1. Most of our New Testament classes are about the Gospels, but I treat them collectively, not separately. I mention to the kids that Matthew, Mark and Luke’s Gospels have a common point of view (syn-optic); and John’s is different.
2. Sorting out the conceptions and births of John the Baptist and Jesus.
3. After Jesus’ birth, a “messenger of the Lord” tells Joseph to flee to Egypt. A quick map shows the Med, Jerusalem, the Tigris & Euphrates, the Nile, and the city founded by that Greek guy…Alexander! Jesus and his family may have lived among Alexandria’s large Jewish community.
4. The round calendar leads into discussion of art handouts depicting the Annunciation and the Platytera. This is a basic Platytera with two
houseflies seraphim in attendance.
5. Explaining the Greek abbreviation for Mother of God.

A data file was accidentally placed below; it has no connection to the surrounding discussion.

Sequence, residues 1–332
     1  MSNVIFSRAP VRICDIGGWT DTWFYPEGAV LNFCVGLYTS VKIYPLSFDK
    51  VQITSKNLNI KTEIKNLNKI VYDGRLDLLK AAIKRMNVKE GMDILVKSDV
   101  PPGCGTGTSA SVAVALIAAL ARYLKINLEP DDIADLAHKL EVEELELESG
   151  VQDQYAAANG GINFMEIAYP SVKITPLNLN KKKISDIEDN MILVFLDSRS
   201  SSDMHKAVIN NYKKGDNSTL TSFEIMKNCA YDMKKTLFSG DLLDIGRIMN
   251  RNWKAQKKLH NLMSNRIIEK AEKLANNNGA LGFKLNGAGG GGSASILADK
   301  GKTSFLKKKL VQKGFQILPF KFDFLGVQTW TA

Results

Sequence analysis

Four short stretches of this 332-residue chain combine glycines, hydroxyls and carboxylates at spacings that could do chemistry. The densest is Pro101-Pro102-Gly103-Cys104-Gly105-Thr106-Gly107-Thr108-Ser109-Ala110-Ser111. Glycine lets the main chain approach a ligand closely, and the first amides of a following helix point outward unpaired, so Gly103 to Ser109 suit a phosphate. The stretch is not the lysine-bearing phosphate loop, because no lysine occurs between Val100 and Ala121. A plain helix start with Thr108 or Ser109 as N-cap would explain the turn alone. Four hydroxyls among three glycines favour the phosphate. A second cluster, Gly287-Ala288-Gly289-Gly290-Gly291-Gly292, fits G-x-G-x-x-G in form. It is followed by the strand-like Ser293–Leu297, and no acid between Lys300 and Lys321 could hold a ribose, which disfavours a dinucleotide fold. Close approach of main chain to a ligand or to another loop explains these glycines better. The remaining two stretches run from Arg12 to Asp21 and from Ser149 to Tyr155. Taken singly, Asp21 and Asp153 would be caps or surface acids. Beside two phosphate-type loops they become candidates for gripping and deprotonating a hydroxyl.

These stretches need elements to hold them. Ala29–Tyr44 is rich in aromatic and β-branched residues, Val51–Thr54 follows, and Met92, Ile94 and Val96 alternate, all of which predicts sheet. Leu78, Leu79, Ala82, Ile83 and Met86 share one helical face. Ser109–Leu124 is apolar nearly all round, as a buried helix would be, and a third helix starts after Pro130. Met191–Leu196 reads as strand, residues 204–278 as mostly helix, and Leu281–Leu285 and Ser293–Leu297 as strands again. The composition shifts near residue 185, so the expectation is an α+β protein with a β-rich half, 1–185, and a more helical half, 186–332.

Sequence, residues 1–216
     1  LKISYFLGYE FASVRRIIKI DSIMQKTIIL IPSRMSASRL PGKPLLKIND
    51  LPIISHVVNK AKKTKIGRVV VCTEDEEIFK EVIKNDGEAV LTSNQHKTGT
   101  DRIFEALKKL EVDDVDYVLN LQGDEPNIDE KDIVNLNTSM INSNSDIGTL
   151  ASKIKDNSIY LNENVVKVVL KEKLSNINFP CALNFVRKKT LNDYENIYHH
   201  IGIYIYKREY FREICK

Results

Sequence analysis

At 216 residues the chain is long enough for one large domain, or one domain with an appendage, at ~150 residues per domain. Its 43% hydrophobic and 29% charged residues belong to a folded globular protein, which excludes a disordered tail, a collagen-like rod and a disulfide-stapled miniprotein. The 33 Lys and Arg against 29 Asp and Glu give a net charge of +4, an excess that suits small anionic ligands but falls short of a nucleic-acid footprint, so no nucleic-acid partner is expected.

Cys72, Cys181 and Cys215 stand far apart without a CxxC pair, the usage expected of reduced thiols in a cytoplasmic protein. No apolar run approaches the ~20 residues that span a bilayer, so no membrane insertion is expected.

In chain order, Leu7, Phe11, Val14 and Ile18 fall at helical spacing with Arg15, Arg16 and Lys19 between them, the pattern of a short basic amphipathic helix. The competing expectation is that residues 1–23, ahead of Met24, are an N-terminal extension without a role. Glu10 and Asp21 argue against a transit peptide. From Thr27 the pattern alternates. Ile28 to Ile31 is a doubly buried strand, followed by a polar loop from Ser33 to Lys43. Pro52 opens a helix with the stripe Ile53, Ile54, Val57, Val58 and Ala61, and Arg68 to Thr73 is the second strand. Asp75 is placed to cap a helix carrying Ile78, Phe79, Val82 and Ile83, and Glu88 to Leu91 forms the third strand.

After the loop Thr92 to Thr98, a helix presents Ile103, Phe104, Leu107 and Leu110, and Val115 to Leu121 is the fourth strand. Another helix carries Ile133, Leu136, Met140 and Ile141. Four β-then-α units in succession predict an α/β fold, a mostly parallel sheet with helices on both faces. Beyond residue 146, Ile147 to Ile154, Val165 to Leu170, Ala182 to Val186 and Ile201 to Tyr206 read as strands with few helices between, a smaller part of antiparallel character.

6. The calendar leads to a quick review of John the Baptist’s conception, and later presentation at the Temple.
7. John the Baptist’s ministry. Upper right shows John baptizing Jesus while the Holy Spirit hovers, and the Father riffs on Isaiah: the Trinity.
8. John tells the Pharisees and Levites who come to quiz him, “Bear fruit that befits repentance, and do not presume to say to yourselves, ‘We have Abraham as our father’; for I tell you, God is able from these stones to raise up children to Abraham. Even now the axe is laid to the root of the trees; every tree therefore that does not bear good fruit is cut down and thrown into the fire.” That is, being one of the Chosen People isn’t enough; each believer must also bear good fruit, which means…doing good stuff! Yes, as the Bible would say, doing good works.”
9. A couple of the Spanish-speakers explain a Quinceañera; I extend that concept to young women who are debutantes. I compare these coming-out events to Jesus’ debut at the Jordan river: he will now be a much-talked-about public figure for the next three years.